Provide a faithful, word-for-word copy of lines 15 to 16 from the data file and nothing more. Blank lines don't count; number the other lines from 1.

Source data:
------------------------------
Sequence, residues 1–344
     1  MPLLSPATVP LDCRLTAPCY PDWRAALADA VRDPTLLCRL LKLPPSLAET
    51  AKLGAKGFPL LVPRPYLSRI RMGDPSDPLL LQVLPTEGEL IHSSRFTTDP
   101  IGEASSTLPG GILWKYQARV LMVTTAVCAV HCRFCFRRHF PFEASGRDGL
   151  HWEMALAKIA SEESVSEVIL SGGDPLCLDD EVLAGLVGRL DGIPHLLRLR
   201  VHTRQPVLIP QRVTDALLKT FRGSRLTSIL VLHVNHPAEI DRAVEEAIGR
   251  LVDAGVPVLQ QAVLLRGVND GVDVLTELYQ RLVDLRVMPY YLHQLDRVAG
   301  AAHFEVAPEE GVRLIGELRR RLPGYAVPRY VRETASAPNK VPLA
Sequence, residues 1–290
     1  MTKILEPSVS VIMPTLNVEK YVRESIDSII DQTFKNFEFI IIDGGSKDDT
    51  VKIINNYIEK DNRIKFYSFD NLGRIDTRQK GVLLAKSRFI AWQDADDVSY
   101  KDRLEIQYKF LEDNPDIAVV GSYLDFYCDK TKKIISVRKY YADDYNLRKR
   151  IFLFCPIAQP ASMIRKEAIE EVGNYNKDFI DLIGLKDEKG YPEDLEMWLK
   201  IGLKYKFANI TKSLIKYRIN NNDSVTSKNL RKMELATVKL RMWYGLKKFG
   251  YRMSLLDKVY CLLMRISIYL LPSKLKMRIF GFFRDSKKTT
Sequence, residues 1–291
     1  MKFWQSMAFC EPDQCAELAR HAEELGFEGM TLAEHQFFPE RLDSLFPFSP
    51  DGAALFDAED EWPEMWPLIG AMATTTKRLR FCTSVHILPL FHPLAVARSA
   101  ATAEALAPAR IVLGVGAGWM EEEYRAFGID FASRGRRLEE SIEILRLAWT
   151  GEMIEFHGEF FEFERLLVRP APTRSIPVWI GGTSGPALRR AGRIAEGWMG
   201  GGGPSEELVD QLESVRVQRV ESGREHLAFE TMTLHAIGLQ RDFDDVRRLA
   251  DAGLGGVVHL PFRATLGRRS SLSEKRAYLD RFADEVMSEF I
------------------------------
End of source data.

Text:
   251  YRMSLLDKVY CLLMRISIYL LPSKLKMRIF GFFRDSKKTT
Sequence, residues 1–291